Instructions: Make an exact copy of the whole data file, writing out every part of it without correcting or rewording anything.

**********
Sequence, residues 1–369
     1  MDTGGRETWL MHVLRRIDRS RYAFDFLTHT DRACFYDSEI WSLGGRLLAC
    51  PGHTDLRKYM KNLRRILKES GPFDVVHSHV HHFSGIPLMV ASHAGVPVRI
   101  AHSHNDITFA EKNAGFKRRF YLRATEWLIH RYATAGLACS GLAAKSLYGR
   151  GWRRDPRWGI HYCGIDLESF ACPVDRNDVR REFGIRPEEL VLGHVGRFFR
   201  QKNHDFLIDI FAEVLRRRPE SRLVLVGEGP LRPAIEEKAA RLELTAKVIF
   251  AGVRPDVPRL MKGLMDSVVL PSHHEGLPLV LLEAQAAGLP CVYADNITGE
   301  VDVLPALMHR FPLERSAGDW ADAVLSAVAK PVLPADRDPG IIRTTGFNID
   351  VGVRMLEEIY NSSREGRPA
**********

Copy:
Sequence, residues 1–369
     1  MDTGGRETWL MHVLRRIDRS RYAFDFLTHT DRACFYDSEI WSLGGRLLAC
    51  PGHTDLRKYM KNLRRILKES GPFDVVHSHV HHFSGIPLMV ASHAGVPVRI
   101  AHSHNDITFA EKNAGFKRRF YLRATEWLIH RYATAGLACS GLAAKSLYGR
   151  GWRRDPRWGI HYCGIDLESF ACPVDRNDVR REFGIRPEEL VLGHVGRFFR
   201  QKNHDFLIDI FAEVLRRRPE SRLVLVGEGP LRPAIEEKAA RLELTAKVIF
   251  AGVRPDVPRL MKGLMDSVVL PSHHEGLPLV LLEAQAAGLP CVYADNITGE
   301  VDVLPALMHR FPLERSAGDW ADAVLSAVAK PVLPADRDPG IIRTTGFNID
   351  VGVRMLEEIY NSSREGRPA